Upcoming Teleclass:

Toward the end of last year, lots of people were asking me about how to figure out their “budgets”. Yes, that challenging word came up again and again. Let’s start the New Year off by looking at how you actually spend your money.

Teleclass: Budget Without a Budget

$ Do you ever find yourself at the end of the month with no money left?

$ Do you struggle with how to change your spending habits?

$ Do you find the very idea of budgeting to be uncomfortable and confusing?

$ Do the ideas of record keeping and analyzing numbers just make you want to run?

A budget is the typical solution to spending problems, and yet budgets don’t always work. If they haven’t worked for you, come explore how to do it differently, without number crunching. Budgeting can be and should be about spending your money in ways that support your financial plan. We’ll simplify the ideas behind creating a budget. We’ll turn all this number crunching into some identifiable and embraceable concepts, and help you make an actual simple plan. We’ll be looking more specifically at how you spend your money as you are spending it. What part of your money goes where? How do you make those choices now? What might be a better way?

Date: Wednesday, January 27th

Time: 10:15 a.m. to 11:15 a.m. Pacific (1:15 p.m. to 2:15 p.m. Eastern)

Registration: www.sensiblecoaching.com

Fee: FREE your only cost for this call is your regular long distance call charges.

__________________________________________________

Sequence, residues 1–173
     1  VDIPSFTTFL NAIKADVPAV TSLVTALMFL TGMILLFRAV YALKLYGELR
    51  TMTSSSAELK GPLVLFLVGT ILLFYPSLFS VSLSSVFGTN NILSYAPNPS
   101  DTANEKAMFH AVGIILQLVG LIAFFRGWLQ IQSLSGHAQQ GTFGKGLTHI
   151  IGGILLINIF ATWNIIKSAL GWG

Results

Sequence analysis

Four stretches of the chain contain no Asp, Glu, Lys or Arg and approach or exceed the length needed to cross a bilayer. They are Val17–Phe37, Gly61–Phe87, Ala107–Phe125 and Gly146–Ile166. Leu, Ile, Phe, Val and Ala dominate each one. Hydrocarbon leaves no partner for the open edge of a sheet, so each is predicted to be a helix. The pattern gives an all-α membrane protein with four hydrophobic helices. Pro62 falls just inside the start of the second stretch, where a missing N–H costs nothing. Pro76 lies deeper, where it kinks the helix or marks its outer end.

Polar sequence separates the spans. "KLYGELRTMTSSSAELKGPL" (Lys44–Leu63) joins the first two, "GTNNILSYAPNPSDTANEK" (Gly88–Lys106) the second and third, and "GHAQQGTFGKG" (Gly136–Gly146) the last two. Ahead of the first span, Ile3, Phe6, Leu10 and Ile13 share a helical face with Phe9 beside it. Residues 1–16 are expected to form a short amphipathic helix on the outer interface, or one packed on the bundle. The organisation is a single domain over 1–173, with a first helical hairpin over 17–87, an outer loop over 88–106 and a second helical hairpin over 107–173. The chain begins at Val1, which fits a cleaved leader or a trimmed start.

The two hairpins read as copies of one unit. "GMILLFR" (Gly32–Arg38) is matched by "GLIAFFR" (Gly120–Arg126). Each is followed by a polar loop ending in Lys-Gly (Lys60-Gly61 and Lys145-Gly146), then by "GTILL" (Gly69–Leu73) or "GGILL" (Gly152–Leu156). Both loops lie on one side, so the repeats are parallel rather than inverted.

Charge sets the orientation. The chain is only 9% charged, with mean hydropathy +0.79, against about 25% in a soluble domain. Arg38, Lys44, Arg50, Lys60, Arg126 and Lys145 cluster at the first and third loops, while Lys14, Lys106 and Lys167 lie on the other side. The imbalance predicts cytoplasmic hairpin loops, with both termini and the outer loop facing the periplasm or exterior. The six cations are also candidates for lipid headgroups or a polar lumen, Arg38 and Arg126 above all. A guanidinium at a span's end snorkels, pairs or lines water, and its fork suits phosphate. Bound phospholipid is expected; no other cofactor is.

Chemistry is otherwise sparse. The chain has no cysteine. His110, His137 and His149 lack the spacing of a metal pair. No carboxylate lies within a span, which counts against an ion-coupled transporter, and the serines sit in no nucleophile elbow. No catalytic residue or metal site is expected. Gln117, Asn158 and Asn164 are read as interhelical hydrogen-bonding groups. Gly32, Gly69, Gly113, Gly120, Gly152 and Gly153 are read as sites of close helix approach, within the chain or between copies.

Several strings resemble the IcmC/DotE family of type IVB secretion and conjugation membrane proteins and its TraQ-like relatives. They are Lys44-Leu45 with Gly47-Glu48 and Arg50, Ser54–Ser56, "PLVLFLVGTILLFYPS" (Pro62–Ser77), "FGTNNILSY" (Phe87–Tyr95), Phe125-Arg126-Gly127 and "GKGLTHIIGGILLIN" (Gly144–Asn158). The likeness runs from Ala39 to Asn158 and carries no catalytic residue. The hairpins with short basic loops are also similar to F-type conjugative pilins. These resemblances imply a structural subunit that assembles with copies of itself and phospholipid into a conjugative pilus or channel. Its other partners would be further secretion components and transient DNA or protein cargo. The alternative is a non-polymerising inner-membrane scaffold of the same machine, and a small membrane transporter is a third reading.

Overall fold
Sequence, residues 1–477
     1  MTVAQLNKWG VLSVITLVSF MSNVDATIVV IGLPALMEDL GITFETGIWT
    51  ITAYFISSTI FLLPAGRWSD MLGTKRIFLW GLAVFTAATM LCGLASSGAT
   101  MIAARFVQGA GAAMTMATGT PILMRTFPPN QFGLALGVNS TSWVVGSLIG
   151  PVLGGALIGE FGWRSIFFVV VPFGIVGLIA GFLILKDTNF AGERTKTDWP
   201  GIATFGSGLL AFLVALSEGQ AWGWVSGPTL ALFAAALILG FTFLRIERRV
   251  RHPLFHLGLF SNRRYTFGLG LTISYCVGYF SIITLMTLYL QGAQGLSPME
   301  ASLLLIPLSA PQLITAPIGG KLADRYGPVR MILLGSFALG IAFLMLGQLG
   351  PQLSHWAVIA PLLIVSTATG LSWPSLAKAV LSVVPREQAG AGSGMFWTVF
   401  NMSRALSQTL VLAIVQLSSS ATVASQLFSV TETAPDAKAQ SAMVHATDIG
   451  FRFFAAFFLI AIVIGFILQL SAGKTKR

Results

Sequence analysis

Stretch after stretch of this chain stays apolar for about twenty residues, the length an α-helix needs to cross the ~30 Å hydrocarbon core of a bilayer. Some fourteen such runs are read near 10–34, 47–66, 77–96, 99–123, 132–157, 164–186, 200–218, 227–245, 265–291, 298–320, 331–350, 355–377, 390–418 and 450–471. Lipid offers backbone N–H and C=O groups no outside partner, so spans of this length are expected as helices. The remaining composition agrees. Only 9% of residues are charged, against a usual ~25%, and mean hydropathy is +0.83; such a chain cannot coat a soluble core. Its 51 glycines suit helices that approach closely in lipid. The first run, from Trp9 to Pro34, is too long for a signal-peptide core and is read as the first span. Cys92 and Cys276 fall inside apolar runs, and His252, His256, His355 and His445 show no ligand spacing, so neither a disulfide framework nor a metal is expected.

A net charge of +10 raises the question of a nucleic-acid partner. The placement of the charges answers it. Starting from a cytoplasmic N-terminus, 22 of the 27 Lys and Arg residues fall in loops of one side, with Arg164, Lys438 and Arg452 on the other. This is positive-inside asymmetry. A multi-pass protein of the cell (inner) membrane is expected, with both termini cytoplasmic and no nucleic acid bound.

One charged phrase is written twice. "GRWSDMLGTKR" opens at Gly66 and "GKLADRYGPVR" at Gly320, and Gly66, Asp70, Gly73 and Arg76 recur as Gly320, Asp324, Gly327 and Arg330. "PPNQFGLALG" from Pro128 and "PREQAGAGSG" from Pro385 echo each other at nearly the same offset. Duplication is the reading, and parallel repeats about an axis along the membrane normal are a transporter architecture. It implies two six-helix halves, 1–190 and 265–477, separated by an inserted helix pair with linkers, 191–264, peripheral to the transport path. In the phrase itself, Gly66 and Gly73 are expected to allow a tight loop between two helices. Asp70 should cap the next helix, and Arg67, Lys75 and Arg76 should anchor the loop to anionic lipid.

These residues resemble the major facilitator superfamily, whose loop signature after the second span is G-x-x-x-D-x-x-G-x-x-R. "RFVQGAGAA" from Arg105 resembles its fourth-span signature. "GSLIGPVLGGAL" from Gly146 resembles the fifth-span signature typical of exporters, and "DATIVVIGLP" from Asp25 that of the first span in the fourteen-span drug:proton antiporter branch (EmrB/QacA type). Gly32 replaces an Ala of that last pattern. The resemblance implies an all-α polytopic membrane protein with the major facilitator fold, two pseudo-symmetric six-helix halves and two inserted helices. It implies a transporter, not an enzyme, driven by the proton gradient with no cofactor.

The Money Knot Story:

In case you are wondering why this is called The Money Knot, here’s the story. I’ve always been fond of Celtic knots, and you notice I use one as my logo. From my perspective, there are several things about these knots that relate to our money journey. One, you can see the whole knot; nothing is hidden, it’s all revealed. Two, the knot has no beginning and no end; it’s an ongoing, dynamic process. Three, the knot that I have chosen is a bit askew; our maneuvering is often out of the box.

Our money lives are like this knot. They are a visible maze that is intricate and sometimes challenging. Sometimes we get stuck in a corner; sometimes money is confusing, embarrassing or even scary. And yet the knot is always there. It’s a never ending relationship.

Together we go into your knot, and I help you to understand and maneuver through the knot. You will get familiar with the territory, know your way around, understand the twists and turns. Together we will make sense of where you are on your own personal money path and help you get to where you want to be.

Quick Links…

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Shell’s Bio

Happy New Ka-ching in the New Year!

Shell Tain, pcc, cpcc

$ensible Coaching

503.258.1630

shell@sensiblecoaching.com

www.sensiblecoaching.com